How Haiti Changed My Heart | My Family Travels

My missions trip to Haiti to work in the Canaan Church Orphanage (www.canaanchristiancommunity.com) was nothing like I would have ever imagined.  After our month long training, my group of fourteen individuals started our travels on June 1, 2010.  We flew to Port au Prince, Haiti.  After collecting our 42 bags full of donations for the orphanage we all loaded into the back of a truck.  It took us 4 hours to go from the airport in Port au Prince to Montrois, Haiti where Canaan is located.

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The children at the orphanage are between the ages of 2 and 19.  Some are orphaned and some are kept at the school because their biological families cannot afford to care for them. The workers of the orphanage all treat the children as their own and take very good care of them.

One of the most life-changing happenings for me was witnessing a local starving child who came to the clinic only to be rushed to the hospital. Sadly, the two-year-old was not strong enough to endure the journey and died just a few hours of leaving our clinic.  No one in our group was prepared for the news of the little boy, and from that moment on we learned to never take for granted our lives in the States.

Our main objective for the trip was to provide a Vacation Bible School for the children.  Vacation Bible School is a time of worship, crafts, games, and snacks.  The two other days were spent pouring a cement roof for a new health clinic.  Since we did not have modern cement trucks, our job was to pass bucket after bucket of cement up the scaffolding to the roof.  It was very time-consuming and exhausting work.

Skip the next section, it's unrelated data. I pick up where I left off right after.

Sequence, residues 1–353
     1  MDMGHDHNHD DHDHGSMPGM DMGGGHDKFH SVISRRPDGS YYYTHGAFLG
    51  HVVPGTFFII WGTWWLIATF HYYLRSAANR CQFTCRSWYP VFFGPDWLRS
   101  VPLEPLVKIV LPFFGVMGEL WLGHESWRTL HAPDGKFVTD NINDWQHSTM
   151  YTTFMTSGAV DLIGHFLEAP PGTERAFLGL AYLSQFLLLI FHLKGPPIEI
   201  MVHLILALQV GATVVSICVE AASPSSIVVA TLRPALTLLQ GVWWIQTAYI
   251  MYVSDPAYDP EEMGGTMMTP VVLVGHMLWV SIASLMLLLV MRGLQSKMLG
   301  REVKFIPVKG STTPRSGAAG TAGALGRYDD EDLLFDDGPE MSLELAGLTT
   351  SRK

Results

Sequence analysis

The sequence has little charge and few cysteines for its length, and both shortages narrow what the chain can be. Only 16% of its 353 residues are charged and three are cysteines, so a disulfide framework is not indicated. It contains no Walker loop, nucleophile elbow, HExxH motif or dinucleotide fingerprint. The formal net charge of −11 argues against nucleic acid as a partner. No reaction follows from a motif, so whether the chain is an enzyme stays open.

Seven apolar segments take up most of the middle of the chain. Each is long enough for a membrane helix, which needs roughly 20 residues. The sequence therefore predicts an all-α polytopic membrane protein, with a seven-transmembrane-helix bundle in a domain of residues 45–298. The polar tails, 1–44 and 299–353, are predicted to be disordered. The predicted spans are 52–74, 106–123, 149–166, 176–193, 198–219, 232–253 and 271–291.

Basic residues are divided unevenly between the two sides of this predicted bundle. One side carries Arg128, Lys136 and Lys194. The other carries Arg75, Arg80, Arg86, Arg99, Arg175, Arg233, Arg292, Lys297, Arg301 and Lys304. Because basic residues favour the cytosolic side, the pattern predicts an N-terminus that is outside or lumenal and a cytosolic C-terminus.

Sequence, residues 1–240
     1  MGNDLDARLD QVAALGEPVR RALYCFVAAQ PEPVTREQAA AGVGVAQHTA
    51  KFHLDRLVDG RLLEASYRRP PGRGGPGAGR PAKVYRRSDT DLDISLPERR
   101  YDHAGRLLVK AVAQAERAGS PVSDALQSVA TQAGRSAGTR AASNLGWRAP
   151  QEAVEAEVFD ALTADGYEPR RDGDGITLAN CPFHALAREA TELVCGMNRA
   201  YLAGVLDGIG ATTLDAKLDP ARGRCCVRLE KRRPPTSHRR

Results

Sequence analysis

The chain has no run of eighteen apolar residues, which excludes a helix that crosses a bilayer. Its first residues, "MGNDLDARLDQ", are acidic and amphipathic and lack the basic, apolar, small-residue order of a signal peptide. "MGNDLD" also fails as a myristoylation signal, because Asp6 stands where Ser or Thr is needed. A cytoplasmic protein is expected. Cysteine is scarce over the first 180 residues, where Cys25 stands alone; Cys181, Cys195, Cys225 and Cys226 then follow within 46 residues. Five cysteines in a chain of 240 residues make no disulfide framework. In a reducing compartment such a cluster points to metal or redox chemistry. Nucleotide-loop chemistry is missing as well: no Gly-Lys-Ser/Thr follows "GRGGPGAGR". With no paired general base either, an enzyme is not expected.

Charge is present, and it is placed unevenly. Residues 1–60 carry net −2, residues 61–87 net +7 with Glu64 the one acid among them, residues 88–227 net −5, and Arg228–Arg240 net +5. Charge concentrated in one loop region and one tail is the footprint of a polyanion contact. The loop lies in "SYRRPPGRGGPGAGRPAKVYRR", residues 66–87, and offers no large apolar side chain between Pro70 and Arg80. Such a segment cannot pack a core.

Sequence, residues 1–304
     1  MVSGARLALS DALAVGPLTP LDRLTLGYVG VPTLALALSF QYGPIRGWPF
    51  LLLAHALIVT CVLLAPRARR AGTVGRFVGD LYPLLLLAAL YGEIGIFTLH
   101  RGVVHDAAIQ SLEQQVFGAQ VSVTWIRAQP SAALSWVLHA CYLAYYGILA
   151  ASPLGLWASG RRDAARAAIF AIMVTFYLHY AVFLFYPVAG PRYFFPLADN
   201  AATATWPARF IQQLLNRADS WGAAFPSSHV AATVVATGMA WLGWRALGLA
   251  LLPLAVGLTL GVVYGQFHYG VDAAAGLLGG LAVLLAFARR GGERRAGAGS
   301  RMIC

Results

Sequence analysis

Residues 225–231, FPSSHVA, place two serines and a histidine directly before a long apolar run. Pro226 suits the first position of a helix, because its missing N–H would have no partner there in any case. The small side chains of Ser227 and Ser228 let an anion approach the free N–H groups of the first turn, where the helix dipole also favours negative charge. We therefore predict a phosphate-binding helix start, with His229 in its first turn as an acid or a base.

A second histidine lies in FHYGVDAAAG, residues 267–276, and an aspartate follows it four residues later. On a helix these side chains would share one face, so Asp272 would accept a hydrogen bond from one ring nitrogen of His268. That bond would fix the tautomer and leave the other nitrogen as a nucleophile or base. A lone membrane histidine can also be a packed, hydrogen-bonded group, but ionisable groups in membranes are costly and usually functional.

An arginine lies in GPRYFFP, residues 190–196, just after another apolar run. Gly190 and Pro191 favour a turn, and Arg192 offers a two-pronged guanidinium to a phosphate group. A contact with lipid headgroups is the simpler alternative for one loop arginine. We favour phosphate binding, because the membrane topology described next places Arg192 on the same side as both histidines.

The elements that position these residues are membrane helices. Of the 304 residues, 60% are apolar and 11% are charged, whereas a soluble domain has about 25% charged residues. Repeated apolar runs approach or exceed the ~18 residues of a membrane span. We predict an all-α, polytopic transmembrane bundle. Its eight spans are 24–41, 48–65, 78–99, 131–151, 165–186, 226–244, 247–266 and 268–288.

The difference in the Haitian culture took a while for us to absorb.  As Americans, we expect a very punctual time schedule; however, in Haiti there is no such thing as being on time.  Our activities never started at the same time each day.

The culture of the Orphanage was a real eye-opener. All ages of children ate, slept, schooled, and played together.  They took care of each other like a family.  The teens didn’t exhibit selfish or moody behavior like what I see in the States.  These kids were actually thankful for their meager food and clothes, and loved the adults who sacrificed to care for them.  The only spoiling we saw was the unconditional love the big kids had for the little ones.  Attitude problems were dealt with and forgotten.

As a group, we had to learn that we couldn’t expect the Haitians to follow our schedule, but rather we had to adapt to their ways of living.  This took some time but eventually we were able to live one day at a time with no plans for the next day.  On the 8th of June, we started our travels home around 5 AM and were back home to our families by 7 PM.

Even though our goal for this trip was to be a blessing to the Canaan community the opposite was true.  They were a blessing to me.  I’m sure that we were able to benefit the children by bringing down 42 bags full of school and hygiene supplies, but in the end, we volunteers who went were grateful for the security and delicacies we are offered in the States.  Our hearts will never be the same.

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